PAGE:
By: Richard Hanus
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- Citizenship / Naturalization and the N-400 Application
- Conditional Permanent Residence Based on Marriage
- DHS / Citizenship and Immigration Services (USCIS)
- Employment-Based Immigration Law
- Family-Based Immigration Law
- Green Cards
- Immigrant Visas for Spouse / Fiancee / Child Visas
- Lawful Permanent Residence in the U.S.
- Non-Immigrant Visas for Temporary Workers / H-1B
- Removal / Deportation Proceedings and Court Hearings
Under New Policy, Immigration Applications Can Be Denied More EasilyPublished September 20, 2018
As of September 11, 2018 a new policy went into effect giving immigration officers greater authority to deny immigration related filings without first giving applicants an opportunity to supply the missing evidence. According to U.S. Department of Homeland Security/Citizenship and Immigration Services officials, the new policy was prompted by what was seen as widespread documentary shortcomings in applicant filings and the consequent waste of resources forced on immigration officials in order to allow applicants to address these shortcomings, especially when the underlying filing may not ever be approvable.
From the standpoint of the government, instructions for all immigration filings, whether it be for an individual applying for naturalization or permanent residence, or a company petitioning for an H-1B work visa, are provided to the public with adequate information and guidance as to what basic evidence is expected to support their filings. When the filing falls short of basic, fundamental requirements set forth in the instructions at issue, the DHS/CIS now takes the position that an outright denial of the filing is appropriate as opposed to issuing a “Request for Evidence” or “Notice of Intent to Deny” . What remains uncertain is how far officials will take their new discretionary powers, and the degree to which honest, minor mistakes will be tolerated and the public will be given an opportunity to take a corrective, remedial measure.
According to the DHS/CIS memo announcing the new policy (originally issued in July): “If all required initial evidence is not submitted with the benefit request, USCIS in its discretion may deny the benefit request for failure to establish eligibility based on lack of required initial evidence.”
In some regards, the plain language of the memo does not appear to present a major policy shift. However, to the extent DHS/CIS officers see their discretionary authority as without meaningful, reasonable limits and as a basis to take a strict, no tolerance approach to documentary inadequacies, then many in the immigration advocacy community see the new measures as overly punitive and potentially abused by government officials. For example, if an applicant for naturalization forgets to include a copy of their permanent resident card with their application filing, the new policy authorizes the reviewing immigration official to issue a decision denying the application as opposed to mailing out a request for evidence, which would allow for an easy remedy to the shortcoming. While the applicant will not be prejudiced with regard to eligibility to submit a future N-400 filing that includes the missing document(s), the applicant will once again be forced to pay the N-400 filing fee.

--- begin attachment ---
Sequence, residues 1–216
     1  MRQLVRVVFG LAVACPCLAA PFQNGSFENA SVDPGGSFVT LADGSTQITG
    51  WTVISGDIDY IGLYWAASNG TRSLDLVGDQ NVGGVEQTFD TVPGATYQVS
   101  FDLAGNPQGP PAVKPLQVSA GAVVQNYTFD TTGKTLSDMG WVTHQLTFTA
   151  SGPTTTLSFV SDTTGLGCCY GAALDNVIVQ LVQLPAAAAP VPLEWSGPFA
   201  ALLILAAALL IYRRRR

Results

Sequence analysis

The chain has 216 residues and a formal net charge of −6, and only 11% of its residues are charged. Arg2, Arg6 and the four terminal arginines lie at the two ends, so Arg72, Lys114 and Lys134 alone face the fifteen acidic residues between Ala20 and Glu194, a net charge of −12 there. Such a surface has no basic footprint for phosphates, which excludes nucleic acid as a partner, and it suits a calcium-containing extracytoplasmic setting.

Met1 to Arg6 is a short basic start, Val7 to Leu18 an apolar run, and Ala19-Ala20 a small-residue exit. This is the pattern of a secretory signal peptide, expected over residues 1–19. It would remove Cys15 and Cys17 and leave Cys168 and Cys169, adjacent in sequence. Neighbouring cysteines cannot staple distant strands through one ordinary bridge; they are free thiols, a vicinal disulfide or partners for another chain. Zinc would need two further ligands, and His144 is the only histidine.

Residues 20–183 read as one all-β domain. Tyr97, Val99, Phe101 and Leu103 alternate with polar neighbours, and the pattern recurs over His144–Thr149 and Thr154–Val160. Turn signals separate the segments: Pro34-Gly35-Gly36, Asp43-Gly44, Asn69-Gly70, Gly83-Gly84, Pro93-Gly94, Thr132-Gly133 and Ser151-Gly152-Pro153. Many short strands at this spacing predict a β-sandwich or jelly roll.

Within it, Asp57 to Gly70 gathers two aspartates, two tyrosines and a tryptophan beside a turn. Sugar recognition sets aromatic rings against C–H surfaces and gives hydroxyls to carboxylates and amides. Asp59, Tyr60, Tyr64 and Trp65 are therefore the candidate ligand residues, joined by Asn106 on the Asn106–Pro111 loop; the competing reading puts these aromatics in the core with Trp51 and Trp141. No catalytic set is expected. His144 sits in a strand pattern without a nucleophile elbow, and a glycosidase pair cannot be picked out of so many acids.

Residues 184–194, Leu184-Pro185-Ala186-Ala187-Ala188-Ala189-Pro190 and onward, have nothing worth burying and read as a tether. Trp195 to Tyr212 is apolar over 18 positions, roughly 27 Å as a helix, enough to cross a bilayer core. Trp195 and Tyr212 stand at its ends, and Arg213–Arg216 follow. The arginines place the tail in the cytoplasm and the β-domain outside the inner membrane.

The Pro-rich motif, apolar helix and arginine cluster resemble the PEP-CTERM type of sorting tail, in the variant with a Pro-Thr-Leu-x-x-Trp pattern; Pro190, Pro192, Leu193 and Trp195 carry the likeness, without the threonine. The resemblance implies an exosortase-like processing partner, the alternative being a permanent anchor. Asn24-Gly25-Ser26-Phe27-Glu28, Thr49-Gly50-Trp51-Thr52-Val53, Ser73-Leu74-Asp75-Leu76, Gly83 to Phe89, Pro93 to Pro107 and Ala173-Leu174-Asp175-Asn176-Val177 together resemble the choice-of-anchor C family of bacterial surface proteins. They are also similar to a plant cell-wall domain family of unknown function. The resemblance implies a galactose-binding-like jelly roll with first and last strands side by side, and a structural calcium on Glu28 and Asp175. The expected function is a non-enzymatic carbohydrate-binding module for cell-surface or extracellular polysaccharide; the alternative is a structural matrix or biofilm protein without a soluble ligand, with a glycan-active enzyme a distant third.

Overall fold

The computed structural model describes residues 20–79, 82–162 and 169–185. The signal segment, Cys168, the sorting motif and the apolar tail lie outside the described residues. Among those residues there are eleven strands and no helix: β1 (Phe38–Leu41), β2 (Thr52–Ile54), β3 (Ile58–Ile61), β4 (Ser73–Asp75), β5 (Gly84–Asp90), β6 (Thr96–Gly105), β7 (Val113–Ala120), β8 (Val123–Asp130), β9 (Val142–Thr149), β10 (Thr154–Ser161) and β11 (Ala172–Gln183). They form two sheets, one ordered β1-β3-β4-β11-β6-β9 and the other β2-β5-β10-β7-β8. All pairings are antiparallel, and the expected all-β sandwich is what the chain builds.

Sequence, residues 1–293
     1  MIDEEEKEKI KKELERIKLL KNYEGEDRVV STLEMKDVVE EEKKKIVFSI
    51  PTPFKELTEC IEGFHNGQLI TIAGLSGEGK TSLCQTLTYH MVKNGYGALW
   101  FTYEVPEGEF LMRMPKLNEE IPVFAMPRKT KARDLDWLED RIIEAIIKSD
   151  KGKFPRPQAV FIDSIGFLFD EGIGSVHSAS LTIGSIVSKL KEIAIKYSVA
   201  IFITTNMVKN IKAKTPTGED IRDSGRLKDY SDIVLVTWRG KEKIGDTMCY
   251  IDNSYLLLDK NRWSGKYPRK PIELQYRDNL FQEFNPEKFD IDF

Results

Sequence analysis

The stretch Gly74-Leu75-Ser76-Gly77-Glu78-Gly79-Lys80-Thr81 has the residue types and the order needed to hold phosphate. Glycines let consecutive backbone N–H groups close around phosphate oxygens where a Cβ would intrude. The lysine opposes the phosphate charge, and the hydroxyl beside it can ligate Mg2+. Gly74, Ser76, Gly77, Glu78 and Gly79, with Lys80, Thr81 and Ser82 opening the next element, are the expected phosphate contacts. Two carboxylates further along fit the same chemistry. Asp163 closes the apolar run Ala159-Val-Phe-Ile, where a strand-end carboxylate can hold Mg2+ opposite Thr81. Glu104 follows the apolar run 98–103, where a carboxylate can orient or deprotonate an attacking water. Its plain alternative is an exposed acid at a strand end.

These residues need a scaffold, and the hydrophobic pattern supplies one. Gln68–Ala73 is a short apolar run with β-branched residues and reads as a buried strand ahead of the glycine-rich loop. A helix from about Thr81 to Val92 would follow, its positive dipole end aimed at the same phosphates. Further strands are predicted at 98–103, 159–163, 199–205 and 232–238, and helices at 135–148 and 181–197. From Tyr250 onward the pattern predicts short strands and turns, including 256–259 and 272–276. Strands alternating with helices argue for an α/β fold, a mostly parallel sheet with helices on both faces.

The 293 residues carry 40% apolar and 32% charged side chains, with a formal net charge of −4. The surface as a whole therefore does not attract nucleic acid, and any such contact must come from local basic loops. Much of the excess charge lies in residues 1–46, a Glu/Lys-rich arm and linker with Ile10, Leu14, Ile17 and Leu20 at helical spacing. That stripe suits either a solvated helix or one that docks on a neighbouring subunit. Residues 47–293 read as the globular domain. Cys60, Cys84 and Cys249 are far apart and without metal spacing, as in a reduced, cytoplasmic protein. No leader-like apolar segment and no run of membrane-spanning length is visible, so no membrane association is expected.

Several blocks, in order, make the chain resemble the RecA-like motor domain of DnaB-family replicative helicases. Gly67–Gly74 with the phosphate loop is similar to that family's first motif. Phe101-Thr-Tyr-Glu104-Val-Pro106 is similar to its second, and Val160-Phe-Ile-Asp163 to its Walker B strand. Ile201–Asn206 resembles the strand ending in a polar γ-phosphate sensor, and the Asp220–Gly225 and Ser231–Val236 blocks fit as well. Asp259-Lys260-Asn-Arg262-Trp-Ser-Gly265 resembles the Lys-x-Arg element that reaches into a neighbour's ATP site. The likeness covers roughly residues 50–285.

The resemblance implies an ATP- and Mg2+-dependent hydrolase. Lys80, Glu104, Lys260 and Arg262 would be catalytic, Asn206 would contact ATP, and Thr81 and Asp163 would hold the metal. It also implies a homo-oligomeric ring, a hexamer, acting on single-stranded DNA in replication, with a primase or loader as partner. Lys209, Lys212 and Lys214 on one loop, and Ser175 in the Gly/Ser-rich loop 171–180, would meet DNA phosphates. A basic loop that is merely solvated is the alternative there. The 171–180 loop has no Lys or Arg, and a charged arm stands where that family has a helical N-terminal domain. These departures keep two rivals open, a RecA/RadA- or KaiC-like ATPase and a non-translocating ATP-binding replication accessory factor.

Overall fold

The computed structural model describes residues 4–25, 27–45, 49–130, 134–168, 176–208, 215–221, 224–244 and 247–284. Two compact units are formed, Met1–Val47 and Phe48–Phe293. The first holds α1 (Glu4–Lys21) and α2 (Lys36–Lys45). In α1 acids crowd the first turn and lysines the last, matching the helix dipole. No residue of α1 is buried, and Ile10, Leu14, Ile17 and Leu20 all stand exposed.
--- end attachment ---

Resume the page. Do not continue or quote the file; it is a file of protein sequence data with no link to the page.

In the case of H-1B filings, advocates have voiced concern that a single missing supporting document from a long list of required documentation (or even worse, a document included in the filing but overlooked by the reviewing official) can lead to an automatic denial. Given the combination of these new discretionary powers, the cap on limited H-1B visa supply along with new heightened enforcement related policies – including issuance of Notices to Appear for removal proceedings for nonimmigrant applicants deemed to be out of status as a result of a denied filing – advocates have become concerned that the new policies put applicants in too vulnerable a position from a due process standpoint, and to meaningfully challenge mistaken decisions. Just as important, the new approach is seen as presenting a significant and highly disruptive impact on businesses depending on H-1B workers, and where a minor inadvertent mistake, by either the filing party or the reviewing official, can have major costs to the business and the lives of the impacted worker.
At this juncture, the best advice I can give applicants and petitioning parties is to thoroughly review their filings, along with the checklists provided in the filing instructions, before submitting to DHS/CIS.PUBLISHED September 20, 2018– “IMMIGRATION LAW FORUM” Copyright © 2018, By Law Offices of Richard Hanus, Chicago, Illinois